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Don’t Invest In What You Know

One of Peter Lynch’s most famed principles of investing is “Invest in what you know.”

I humbly disagree.

You Don’t Actually Know

The only problem with that bit of advice is that, as human beings, we tend to have too high an opinion of our own intelligence and abilities. In other words, you think you “know” but you probably don’t actually know as much as you think you do, or as well as you think you do.

I was studying computer science at Carnegie Mellon University during the tech boom of the late nineties and (very) early 2000s. I saw all these technology companies offering great services and saw that there was a very bright future in technology. I saw that the future of commerce was online so I believed that companies like Amazon.com and Buy.com and Overstock.com would be the future powerhouses (none have reached they tech bubble peaks, but all are doing relatively well… though Overstock’s CEO keeps complaining about the shorts). The only problem is that while I knew basic computer science theories, I didn’t actually know much about technology companies and the business world. I thought I knew, but I didn’t.

Too Many Eggs In One Basket

Another reason this bit of advice is dangerous is because it depends localized knowledge and, more specifically, often knowledge of an industry you’re working in. That’s dangerous for the very same reasons why people often recommend that you don’t invest your 401(k) money in company stock. When you invest your 401(k) in your own company, you run the risk of being hit with a double whammy if a market downturn affects your company. You don’t want your long term retirement assets pegged to your job, right? While the reverse may still hold true, if things go well then they go doubly well for you, it’s a risk that simply isn’t worth it in the opinion of most financial advisers.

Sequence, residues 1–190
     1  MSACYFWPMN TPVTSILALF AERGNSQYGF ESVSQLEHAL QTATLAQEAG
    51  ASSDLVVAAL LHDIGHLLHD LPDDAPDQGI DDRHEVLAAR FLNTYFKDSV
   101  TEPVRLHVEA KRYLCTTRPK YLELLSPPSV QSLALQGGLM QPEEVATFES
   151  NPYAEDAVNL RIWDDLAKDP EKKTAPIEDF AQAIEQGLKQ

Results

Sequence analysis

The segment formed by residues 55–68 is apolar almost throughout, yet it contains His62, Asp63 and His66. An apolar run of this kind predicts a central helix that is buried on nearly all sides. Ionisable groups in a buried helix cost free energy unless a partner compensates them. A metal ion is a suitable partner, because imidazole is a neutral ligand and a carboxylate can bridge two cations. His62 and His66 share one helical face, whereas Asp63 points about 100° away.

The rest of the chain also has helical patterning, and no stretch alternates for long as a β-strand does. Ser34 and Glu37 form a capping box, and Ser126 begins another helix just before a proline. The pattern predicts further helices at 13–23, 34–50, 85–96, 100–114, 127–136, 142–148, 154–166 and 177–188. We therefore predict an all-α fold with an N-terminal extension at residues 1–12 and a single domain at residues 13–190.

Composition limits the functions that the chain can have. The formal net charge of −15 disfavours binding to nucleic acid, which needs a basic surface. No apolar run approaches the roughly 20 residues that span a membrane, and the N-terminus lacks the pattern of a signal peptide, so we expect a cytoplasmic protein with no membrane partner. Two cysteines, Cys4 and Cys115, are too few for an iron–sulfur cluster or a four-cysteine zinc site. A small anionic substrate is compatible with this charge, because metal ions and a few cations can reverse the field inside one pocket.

Diversify Everywhere

Let’s say that you really do know an industry inside and out, that’s still only one industry. While Lynch’s advice wasn’t that you should put 100% of your investments into any one thing, it could be misunderstood. If you’re supposed to invest in what you know, shouldn’t you invest it all in at least that industry? Or that one country? I live in the United States, I “know” the United States, does that mean I should invest in domestic markets only? Probably not.

Even Those Who Know, Don’t

In reading Full of Bull, I saw how weak industry analysts were at predicting the trends in the industries they were covering. They spend their entire days analyzing industries, far more than what you would do if you worked in that industry, yet they were unable to pick the winners from the losers with any consistency. While part of the reason was because they had to play the marketing game, the reality is that the market is more of a random walk than an orderly march. Even those who devote their entire careers to tracking specific industries aren’t good at picking the winners.

I know I took a good statement and twisted every which way but I think it’s valid. Don’t invest with what you know, invest in fund who are led by people who know a lot and who invest in a lot of things. Or buy an index fund. 🙂